Shuey was yet facing the charges of burglary together with assault with a deadly weapon resulting in great bodily injury relating to the incident he was involved in on May 21 of last year in Blue Jay. Shuey was arrested by San Bernardino County Sheriff’s Department deputies working out of the Twin Peaks sheriff’s substation in the aftermath of that incident.
Shuey had drug-related convictions including drug-trafficking, in particular dealing methamphetamine. There is indication that he was involved in the importation of methamphetamine manufactured in Mexico and that he was associating with a drug dealer working in the San Bernardino Mountains communities, Johnny Garcia. Garcia was formerly involved in the distribution of methamphetamine and more recently began trafficking in fentanyl. Unverified reports are that there were six fentanyl-related deaths in the mountains between early April and mid-May of this year.
There have been contradictory versions of how Shuey died. Initially, it was reported that he had been killed inside his home by a single gunshot to his face. That version was supported by the initial entry into the sheriff’s call/dispatch log referencing the matter as a 187, that is, a showing that the sheriff’s department considered the matter to be a homicide, Penal Section 187, specifically murder, defined as the intentional killing of another. In a highly irregular development, the sheriff’s department’s call/dispatch log was altered to reference the matter as a “DB,” i.e., a dead body. An indication that the department initially considered the matter to be a homicide consists of a screen shot the Sentinel possesses showing the log as it was originally posted prior to its alteration.
More recently, the unofficial story circulating in the mountain communities is that Shuey died at his own hand, either purposefully as a suicide or unintentionally from a drug overdose.
The Sentinel is reliably informed that Shuey expired on the night of April 26 within his home in Blue Jay. The home was locked, and inside it was his now-nearly four-year-old daughter. Sheriff’s department investigators did not arrive on the scene or gain access to the house until the morning of April 27, the Sentinel has learned, which is contrary to a previous report in the Sentinel that investigators arrived at the home on the night of April 26.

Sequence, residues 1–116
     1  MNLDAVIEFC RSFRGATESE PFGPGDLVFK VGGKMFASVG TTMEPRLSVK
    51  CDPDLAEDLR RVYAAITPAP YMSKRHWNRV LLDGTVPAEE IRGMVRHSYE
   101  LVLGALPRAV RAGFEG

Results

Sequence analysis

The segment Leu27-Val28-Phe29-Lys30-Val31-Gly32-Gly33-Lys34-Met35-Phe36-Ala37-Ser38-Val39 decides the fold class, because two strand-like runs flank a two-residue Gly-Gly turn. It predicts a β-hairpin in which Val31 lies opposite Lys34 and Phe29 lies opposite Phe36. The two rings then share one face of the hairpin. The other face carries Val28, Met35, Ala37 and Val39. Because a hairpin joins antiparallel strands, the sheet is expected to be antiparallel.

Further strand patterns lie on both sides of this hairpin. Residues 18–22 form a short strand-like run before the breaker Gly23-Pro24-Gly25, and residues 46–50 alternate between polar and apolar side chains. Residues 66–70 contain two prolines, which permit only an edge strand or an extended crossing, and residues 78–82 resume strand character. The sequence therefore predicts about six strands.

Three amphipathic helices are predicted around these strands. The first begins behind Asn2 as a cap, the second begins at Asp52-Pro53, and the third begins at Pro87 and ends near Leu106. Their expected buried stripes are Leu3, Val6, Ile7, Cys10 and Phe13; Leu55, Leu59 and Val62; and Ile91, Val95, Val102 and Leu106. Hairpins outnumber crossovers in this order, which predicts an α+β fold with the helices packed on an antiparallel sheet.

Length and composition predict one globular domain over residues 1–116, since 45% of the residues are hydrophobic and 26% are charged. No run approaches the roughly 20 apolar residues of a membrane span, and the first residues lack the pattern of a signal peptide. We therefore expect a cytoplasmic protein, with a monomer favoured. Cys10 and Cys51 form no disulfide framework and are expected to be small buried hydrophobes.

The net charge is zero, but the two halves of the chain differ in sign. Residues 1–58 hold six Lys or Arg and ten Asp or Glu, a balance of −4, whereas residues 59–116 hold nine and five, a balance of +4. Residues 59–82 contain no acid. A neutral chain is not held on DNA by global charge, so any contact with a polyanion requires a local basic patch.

Moreover, Shuey’s three-year-old daughter was apparently in the house at the time of his death, and she remained there with her father’s corpse for at least ten and perhaps more than 12 hours until sheriff’s personnel arrived. Further, the Sentinel is told, when investigators arrived and took stock of the situation, they arranged to have a child psychologist/child and family services expert speak to the girl, and she said that the night before a man she did not know had come to the house to speak with her father, and that her father had told her to hide before he engaged with that individual.
This emerging information would seem to indicate that the initial account of Shuey’s death, by homicide, is accurate and that the later suggestion that he had expired by suicide or by an unintended drug overdose is inoperative. The sheriff’s department has not officially embraced the suicide or overdose explanation, but its actions would suggest that it wants or at least previously wanted the public to assume the matter to be a suicide or overdose. The alteration of the call/dispatch log to indicate department personnel were responding to the report of a dead body might be consistent with an effort to prevent any possible suspect in the case from being alerted to specifics that might complicate a de facto homicide investigation.